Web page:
Wednesday, February 8, 2017

Edna St. Vincent Millay

I found Mr. Searles presentation about Edna St. Vincent Millay very interesting for a few reasons. She was a very complex person, which is reflected in her poems. Millay was very promiscuous, and she often wrote about sex and love, two things not often talked or written about at the time. One of the most impressive parts of Millay was her willingness to be open about herself. She was bisexual, and seemingly not ashamed by it at a time where it was not widely accepted. Additionally, she had an open relationship with her husband, showing how truly she was a free spirit. She was willing to write about her life, and about how sex impacted her. I got the impression that she was very progressive, and far ahead of her time.
I also found her whole life story and how it was reflected in her poems to be very interesting. Most of her poems celebrated her life, especially “The Penitent.” In it she discusses how she is ‘supposed’ to feel guilty for what she has done, but does not. This guilt she was supposed to have could have been over many things in her life such as her sexuality, her open relationship with her husband, or even her writing. Millay ends the poem saying that she “might as well be glad!” This defiance is evident in Millay’s life, her unwillingness to follow expectations about her sexuality, and her relationships. Millay shows very little regret for living her life as she did, the only indication coming up in her poem “What My Lips Have Kissed.” Throughout the poem she talks about how meaningless the names and faces of her lovers were, but that the feeling of love and lust was very important and meaningful to her. At the end of the poem she writes “I only know that summer sang in me A little while, that in me sings no more.” This line shows that she has lost that love that she once had, and the tone shifts to be far more serious and sad than it was in the rest of the poem.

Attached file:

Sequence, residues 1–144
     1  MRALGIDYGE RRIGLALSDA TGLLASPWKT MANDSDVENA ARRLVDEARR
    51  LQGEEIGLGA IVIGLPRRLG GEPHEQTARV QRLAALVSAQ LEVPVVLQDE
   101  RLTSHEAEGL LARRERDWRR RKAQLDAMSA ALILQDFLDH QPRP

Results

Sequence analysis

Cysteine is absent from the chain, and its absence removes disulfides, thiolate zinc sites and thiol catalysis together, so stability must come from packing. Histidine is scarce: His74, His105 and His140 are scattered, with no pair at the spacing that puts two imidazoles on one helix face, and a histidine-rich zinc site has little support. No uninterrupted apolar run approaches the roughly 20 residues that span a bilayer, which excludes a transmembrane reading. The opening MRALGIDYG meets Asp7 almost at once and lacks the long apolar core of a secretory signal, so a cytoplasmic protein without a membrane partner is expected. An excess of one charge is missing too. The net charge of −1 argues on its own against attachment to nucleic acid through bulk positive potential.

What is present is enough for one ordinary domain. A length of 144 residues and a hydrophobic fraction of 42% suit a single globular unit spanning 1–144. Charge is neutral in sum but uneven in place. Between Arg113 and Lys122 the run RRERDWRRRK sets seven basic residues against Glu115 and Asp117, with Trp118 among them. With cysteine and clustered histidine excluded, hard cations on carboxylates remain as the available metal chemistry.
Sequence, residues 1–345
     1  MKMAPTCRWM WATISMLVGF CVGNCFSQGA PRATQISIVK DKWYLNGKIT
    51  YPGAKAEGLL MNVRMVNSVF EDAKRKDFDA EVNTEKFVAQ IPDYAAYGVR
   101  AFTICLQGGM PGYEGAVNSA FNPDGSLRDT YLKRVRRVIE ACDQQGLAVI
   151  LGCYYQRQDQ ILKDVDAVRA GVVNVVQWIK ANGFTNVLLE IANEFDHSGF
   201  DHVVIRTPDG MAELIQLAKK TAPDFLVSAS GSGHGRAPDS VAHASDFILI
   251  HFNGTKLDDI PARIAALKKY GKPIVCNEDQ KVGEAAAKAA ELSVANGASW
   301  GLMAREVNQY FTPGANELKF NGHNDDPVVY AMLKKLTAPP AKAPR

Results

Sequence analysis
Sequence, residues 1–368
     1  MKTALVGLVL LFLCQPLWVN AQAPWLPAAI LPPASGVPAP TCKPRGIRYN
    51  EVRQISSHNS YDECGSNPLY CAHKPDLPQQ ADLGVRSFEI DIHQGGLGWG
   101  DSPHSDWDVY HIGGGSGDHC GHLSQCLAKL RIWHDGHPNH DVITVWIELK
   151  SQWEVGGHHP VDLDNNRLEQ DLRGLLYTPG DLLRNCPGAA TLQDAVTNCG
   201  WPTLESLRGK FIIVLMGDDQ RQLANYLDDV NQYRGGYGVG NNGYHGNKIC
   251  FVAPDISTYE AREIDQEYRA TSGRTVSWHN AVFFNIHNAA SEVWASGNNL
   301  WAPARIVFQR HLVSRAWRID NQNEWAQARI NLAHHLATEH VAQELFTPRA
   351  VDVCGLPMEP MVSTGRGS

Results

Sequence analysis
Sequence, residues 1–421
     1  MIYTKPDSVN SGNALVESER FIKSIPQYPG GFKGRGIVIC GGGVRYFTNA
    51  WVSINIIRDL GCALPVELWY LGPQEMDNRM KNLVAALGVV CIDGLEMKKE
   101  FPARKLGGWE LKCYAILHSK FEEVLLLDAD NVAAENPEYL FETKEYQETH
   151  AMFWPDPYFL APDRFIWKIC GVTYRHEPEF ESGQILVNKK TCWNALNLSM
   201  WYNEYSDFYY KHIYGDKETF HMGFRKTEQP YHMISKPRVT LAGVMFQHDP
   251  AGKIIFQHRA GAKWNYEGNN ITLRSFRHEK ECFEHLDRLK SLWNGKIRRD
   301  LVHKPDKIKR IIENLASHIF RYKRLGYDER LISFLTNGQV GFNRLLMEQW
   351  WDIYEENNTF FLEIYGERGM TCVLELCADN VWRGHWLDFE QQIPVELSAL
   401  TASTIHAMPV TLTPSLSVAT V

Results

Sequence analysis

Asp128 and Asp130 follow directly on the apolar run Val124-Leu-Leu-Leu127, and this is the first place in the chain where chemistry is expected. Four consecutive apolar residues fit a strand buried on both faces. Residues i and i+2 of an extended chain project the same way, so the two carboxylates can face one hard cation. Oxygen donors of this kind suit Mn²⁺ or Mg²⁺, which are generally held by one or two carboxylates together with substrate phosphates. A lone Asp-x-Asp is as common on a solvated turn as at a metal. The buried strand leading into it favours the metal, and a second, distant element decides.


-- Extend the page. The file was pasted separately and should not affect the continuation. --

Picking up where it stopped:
My perception was that Millay was happy with as many lovers as she had, and breaking the stereotype of the perfect, monogamous wife. Having many partners is often looked down upon, and people try to find reasons to justify this ‘abnormal’ behavior. This got me to thinking about how culture today is still not particularly accepting to open relationships and bisexuality. Open relationships aren’t very common in America, and the women in them are often slut-shamed. This disapproval must have been far more pronounced when Millay was alive. Similarly, it must have been very difficult to be bisexual in the 20’s. Today, homosexuality for the most part is accepted in America, and it is often more accepted than bisexuality. Millay is very impressive to me because she was able to break down so many stereotypes and expectations without remorse or regret.

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